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Tip: A Quick Lick

Here’s a quick lick to play over these chords: Em, Am, Dm, G7 in C major. In other words, this is a turnaround: the last two bars before returning to the start of the first phrase. You can strum each chord once or twice; record that accompaniment and play this over it:

  E E E Q Q  E   E E E Q  Q.
|-------5------|-----5----------|
|-5-6-----8--5-|-6-7---8--------|
|-----7--------|----------------|
|--------------|----------------|
|--------------|----------------|
|--------------|----------------|
Q - quarter; E - 8th; Q. is dotted quarter. The Q. with no note is a rest.

When you study licks, and really try to figure out what makes them sound good, study the lick in standard notation. The reason is that you can see the shape of the line so much clearer in standard notation compared to tablature. It’s not a knock on tab, just the way it is.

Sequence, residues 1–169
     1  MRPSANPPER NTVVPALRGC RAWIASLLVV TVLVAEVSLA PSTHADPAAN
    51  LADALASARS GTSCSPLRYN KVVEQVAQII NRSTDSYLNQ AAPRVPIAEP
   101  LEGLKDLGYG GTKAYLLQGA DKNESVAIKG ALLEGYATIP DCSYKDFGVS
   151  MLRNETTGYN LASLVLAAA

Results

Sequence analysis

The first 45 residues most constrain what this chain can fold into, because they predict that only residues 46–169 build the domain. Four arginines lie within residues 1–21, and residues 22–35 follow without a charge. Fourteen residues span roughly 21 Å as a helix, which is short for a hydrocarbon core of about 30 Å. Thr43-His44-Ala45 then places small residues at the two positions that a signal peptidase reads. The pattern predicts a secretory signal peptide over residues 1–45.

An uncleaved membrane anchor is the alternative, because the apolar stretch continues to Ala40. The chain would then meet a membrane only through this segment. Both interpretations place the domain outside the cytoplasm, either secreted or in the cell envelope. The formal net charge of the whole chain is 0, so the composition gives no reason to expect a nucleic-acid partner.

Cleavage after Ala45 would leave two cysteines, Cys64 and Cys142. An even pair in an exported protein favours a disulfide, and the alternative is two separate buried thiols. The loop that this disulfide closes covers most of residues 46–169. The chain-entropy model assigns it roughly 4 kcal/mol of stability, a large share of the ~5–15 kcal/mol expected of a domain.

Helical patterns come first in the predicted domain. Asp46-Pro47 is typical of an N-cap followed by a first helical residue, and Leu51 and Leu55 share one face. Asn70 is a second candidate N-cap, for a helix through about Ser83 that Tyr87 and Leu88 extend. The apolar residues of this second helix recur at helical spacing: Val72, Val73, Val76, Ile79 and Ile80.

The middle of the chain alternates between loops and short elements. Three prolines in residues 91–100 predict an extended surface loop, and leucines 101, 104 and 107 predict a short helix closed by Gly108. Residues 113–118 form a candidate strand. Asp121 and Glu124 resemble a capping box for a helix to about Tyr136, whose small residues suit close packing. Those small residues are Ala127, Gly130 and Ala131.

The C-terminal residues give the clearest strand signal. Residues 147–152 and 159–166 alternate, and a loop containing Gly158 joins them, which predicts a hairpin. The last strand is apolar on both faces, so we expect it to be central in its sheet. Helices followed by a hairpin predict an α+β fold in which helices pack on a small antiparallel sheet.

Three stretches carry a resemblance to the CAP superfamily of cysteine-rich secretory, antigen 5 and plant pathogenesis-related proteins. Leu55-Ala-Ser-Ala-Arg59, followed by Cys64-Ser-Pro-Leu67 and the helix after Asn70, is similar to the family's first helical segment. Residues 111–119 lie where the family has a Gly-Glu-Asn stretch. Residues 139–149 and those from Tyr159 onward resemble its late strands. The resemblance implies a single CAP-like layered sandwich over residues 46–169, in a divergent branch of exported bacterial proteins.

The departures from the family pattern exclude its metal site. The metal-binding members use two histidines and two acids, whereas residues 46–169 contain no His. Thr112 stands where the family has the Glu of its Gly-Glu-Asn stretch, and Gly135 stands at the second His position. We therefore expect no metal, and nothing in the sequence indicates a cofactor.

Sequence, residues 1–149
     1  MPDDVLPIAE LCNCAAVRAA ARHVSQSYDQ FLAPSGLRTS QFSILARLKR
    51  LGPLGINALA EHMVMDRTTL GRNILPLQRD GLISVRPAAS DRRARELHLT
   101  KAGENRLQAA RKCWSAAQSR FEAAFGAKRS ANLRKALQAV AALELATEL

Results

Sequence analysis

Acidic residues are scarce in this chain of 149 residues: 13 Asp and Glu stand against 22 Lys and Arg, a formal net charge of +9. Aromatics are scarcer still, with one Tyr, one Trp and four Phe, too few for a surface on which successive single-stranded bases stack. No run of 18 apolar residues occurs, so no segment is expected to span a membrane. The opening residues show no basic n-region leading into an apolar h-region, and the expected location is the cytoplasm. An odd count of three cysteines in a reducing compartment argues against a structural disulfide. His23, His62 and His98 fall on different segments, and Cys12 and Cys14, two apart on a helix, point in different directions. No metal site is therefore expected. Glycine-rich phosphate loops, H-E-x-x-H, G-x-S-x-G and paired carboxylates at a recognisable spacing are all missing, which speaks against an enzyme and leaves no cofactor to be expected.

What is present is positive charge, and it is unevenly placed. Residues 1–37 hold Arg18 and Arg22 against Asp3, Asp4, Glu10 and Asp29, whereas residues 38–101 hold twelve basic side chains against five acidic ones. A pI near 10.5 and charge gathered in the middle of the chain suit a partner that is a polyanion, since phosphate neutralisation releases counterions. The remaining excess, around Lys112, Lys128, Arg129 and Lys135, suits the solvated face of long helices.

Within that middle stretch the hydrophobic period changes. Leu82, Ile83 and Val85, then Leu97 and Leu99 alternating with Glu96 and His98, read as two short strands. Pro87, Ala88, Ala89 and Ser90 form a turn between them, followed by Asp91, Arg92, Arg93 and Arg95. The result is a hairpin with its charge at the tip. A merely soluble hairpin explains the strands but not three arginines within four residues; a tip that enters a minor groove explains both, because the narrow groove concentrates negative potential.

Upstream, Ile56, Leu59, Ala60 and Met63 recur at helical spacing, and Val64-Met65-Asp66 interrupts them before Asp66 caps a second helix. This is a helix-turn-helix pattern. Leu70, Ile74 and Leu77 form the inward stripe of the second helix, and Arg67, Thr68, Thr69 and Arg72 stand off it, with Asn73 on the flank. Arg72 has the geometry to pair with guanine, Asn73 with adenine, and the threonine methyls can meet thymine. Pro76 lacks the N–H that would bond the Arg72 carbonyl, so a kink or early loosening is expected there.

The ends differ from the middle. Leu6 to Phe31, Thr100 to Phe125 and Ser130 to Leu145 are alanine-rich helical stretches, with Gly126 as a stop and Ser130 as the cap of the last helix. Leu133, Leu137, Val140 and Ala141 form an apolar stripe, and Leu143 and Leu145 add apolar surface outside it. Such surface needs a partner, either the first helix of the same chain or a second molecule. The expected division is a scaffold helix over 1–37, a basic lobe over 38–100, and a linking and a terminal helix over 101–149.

Even if you can’t (yet) read standard notation, you can at least see the relative height or depth of pitches, which is already more than what tab can show you.

By the way, this tip about studying licks applies just as well to any melodic stuff you really want to understand: use standard notation to figure it out – and write your own.

Thanks for reading.

Copyright © 2008 Darrin Koltow

This first appeared in the Guitar Noise News – February 1, 2007 newsletter. Reprinted with permission.

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